PENNSYLVANIA 2 state issues on ballot

Voters should look for the questions at the top of their election ballots.
MERCER, Pa. -- Should judges stay on the bench past age 70 and, if legislative redistricting creates a district that doesn't include the incumbent senator's home municipality, when should there be a new election to fill that post?
Voters across Pennsylvania will be asked to address both questions during Tuesday's primary election.
Each requires only a yes or no answer.
State law now says that state judges, Supreme Court justices and justices of the peace must retire on their 70th birthday, but there is a proposed amendment to the Pennsylvania Constitution that would allow them to serve to the end of the calendar year in which they turn 70.
Mercer judge: The change, if approved by voters, could affect Francis J. Fornelli, president judge of Mercer County Common Pleas Court, who is seeking retention for another 10-year term in the November general election this year.
He will reach 70 on Aug. 1 in the final year of that new term and would be able to complete that full year.
Making judges retire on their 70th birthday sometimes leaves court benches empty for the rest of that year. The governor can appoint judges to fill unexpired terms but sometimes a post remains vacant until a new judge is elected the following year.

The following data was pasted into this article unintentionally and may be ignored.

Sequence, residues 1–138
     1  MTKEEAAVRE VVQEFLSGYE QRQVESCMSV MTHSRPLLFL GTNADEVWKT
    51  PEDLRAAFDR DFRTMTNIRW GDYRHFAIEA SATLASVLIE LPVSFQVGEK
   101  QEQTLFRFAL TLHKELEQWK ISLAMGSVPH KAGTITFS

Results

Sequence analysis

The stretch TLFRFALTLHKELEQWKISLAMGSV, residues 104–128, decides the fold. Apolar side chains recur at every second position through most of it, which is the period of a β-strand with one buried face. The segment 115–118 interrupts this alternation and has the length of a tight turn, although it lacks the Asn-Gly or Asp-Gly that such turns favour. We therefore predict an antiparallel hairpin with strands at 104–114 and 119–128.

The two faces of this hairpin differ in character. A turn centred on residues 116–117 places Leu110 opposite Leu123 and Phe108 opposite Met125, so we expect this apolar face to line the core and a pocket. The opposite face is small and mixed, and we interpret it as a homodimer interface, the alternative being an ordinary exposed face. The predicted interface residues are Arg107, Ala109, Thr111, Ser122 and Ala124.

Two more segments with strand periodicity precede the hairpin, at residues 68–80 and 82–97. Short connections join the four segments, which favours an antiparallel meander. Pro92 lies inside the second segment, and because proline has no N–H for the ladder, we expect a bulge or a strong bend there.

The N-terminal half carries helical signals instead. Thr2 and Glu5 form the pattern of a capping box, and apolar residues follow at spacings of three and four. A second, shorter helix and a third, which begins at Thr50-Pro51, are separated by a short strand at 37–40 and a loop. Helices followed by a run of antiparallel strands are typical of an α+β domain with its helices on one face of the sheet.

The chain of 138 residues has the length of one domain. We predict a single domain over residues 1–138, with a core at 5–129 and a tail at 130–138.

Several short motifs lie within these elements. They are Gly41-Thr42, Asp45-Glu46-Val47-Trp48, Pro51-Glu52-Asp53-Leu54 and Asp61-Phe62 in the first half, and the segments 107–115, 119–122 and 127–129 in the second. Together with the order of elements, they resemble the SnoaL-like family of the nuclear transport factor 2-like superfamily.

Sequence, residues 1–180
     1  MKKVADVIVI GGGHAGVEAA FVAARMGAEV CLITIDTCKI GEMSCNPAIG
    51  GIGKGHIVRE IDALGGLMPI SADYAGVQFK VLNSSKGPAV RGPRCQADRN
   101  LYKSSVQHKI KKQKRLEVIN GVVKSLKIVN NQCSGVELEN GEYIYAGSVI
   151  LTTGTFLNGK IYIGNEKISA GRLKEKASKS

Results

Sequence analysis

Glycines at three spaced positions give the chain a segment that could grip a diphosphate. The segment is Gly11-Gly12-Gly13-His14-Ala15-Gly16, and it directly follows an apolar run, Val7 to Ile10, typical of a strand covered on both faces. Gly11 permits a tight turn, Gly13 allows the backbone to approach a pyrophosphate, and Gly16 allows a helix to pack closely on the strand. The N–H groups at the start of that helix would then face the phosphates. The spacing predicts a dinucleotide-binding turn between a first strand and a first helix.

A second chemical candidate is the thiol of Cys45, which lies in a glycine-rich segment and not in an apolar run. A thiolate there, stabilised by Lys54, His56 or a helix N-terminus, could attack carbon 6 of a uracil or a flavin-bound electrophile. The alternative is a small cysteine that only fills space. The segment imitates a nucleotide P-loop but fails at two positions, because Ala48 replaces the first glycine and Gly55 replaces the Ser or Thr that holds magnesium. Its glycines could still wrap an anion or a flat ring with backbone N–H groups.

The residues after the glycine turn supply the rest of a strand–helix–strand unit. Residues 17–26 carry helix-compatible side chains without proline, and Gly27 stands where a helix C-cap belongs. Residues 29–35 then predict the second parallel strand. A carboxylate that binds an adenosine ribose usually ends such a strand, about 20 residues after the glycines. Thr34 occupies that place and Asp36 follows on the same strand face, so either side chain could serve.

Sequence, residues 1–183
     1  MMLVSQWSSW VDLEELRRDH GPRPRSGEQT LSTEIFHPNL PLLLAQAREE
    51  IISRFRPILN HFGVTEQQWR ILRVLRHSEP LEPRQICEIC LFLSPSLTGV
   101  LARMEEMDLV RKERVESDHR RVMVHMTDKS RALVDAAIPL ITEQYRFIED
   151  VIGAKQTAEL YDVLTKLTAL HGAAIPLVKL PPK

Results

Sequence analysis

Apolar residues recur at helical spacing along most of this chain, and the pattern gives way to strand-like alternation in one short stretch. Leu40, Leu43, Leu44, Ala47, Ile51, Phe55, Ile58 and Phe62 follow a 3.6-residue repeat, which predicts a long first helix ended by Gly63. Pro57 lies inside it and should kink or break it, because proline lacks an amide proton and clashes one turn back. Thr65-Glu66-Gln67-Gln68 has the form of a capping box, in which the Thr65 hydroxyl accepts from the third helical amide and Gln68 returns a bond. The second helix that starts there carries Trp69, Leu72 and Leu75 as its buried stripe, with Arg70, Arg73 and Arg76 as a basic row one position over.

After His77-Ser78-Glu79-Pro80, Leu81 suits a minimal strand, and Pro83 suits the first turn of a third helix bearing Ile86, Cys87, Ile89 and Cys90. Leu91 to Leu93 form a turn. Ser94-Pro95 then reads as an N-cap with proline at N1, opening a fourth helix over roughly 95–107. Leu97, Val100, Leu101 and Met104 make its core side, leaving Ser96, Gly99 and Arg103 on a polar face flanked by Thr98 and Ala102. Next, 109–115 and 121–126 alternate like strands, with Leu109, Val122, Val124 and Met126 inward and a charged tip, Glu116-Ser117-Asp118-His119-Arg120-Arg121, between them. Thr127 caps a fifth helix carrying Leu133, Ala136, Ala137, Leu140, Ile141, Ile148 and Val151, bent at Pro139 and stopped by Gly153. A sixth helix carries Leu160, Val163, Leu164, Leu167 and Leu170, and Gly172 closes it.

The redistricting question, which applies only to the state Senate, is a little more complex.
It is a constitutional amendment regarding legislative reapportionment, the periodic shifting of legislative districts to reflect shifts in population every 10 years.
Redistricting: The referendum asks if, when a district is redrawn so that it no longer contains the home residence of the incumbent senator in that district, an election for the new district should be held at the next general election, regardless of when the next election is scheduled for that four-year post.
This means voters would get a chance to pick a senator at the next general election, even though there may be time left in the incumbent's term and the next scheduled election for that post is two or three years away.
Another round of redistricting is to begin later this year, based on the 2000 census.

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